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Series

SSRN

Columbia Law School

2019

Antitrust and Trade Regulation

Articles 1 - 3 of 3

Full-Text Articles in Law

Tech Dominance And The Policeman At The Elbow, Tim Wu Jan 2019

Tech Dominance And The Policeman At The Elbow, Tim Wu

Faculty Scholarship

One school of thought takes much of law and the legal system as essentially irrelevant to the process of technological evolution. This view takes as axiomatic that the rate technological change is always accelerating, that any firm or institution dependent on a given technology is therefore doomed to a rapid obsolescence. Law, at best, risks interfering with a natural progression toward a better technological future, hindering “the march of civilization.”

This paper discusses the historical role of antitrust investigation in changing the course of technological development by focusing on the example of the IBM litigation (1969 - 1984). While widely derided ...


The Chicago School’S Limited Influence On International Antitrust, Anu Bradford, Adam S. Chilton, Filippo Maria Lancieri Jan 2019

The Chicago School’S Limited Influence On International Antitrust, Anu Bradford, Adam S. Chilton, Filippo Maria Lancieri

Faculty Scholarship

Beginning in the 1950s, a group of scholars primarily associated with the University of Chicago began to challenge many of the fundamental tenants of antitrust law. This movement, which became known as the Chicago School of Antitrust Analysis, profoundly altered the course of American antitrust scholarship, regulation, and enforcement. What is not known, however, is the degree to which Chicago School ideas influenced the antitrust regimes of other countries. By leveraging new datasets on antitrust laws and enforcement around the world, we empirically explore whether ideas embraced by the Chicago School diffused internationally. Our analysis illustrates that many ideas explicitly ...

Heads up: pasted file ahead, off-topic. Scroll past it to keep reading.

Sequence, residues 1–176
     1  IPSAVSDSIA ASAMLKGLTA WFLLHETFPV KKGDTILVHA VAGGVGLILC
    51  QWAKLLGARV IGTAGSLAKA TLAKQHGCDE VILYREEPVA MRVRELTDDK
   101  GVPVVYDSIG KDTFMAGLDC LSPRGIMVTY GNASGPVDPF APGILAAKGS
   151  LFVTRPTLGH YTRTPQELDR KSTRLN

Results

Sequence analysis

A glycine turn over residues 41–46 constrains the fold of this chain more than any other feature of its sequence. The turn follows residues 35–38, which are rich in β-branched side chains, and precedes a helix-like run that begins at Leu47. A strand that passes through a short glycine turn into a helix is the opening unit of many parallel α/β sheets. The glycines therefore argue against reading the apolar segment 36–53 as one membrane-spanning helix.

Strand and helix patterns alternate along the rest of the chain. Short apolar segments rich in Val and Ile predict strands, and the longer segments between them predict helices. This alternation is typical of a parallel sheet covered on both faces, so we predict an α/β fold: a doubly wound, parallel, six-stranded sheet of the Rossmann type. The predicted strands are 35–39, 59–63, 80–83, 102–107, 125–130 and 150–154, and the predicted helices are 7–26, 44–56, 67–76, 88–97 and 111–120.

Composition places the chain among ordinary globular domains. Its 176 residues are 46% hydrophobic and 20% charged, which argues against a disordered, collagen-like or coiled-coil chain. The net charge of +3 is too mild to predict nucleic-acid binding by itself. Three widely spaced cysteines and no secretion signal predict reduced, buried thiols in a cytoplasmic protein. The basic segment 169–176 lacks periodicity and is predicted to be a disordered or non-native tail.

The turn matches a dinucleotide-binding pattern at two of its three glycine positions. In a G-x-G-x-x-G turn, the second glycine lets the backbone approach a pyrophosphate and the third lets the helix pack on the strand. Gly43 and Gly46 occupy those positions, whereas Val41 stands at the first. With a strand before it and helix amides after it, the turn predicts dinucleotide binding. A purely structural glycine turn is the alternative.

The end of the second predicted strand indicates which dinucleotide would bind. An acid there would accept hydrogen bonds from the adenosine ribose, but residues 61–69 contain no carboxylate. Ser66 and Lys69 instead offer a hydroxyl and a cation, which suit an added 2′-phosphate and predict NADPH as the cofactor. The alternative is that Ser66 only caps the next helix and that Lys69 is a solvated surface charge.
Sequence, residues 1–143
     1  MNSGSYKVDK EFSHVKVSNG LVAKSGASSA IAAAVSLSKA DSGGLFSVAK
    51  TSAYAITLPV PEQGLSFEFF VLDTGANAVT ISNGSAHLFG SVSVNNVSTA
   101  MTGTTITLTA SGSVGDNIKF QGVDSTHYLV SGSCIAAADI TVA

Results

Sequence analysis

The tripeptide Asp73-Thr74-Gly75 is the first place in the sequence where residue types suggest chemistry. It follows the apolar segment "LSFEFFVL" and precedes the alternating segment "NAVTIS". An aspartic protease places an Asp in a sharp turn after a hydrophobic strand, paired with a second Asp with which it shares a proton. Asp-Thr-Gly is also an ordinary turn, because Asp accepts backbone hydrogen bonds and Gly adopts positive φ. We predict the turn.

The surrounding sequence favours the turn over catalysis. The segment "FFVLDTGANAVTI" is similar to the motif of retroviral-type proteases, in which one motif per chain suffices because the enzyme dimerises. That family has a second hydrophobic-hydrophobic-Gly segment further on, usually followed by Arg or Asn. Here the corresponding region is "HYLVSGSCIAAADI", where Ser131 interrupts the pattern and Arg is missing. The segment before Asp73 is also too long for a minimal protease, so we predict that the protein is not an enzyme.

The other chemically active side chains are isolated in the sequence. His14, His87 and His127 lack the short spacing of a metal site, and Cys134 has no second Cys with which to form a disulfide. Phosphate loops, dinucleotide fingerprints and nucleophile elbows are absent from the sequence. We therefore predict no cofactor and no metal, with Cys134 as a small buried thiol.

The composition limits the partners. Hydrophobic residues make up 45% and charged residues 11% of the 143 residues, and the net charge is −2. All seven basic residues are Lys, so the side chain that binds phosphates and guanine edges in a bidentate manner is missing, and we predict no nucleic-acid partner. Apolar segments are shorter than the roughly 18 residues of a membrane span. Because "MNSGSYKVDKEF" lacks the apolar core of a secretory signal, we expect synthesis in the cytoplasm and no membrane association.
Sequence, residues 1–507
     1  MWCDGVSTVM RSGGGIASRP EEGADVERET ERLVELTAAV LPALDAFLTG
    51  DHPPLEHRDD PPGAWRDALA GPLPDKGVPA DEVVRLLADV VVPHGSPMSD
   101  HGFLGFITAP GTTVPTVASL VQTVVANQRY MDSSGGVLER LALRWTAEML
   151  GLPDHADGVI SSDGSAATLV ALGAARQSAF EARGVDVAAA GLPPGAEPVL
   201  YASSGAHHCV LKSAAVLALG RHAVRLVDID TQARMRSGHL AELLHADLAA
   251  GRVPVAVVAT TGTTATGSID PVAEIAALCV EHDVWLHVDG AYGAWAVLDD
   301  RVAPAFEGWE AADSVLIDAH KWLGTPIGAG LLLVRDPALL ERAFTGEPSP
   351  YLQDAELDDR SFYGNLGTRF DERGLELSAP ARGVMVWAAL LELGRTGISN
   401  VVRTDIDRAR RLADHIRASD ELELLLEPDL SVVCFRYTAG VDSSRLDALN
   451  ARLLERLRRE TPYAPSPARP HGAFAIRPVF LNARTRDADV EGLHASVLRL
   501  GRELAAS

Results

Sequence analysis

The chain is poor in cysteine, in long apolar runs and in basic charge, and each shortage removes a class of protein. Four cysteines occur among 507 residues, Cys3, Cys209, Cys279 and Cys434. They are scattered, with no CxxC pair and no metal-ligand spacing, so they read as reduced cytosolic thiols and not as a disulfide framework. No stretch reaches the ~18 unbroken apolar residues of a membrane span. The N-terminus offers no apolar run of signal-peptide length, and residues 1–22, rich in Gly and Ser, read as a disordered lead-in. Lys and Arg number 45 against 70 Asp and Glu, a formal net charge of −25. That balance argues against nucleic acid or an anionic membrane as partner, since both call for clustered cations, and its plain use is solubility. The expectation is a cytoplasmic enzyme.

The Global Dominance Of European Competition Law Over American Antitrust Law, Anu Bradford, Adam S. Chilton, Katerina Linos, Alex Weaver Jan 2019

The Global Dominance Of European Competition Law Over American Antitrust Law, Anu Bradford, Adam S. Chilton, Katerina Linos, Alex Weaver

Faculty Scholarship

The world’s biggest consumer markets – the European Union and the United States – have adopted different approaches to regulating competition. This has not only put the EU and US at odds in high-profile investigations of anticompetitive conduct, but also made them race to spread their regulatory models. Using a novel dataset of competition statutes, we investigate this race to influence the world’s regulatory landscape and find that the EU’s competition laws have been more widely emulated than the US’s competition laws. We then argue that both “push” and “pull” factors explain the appeal of the EU’s ...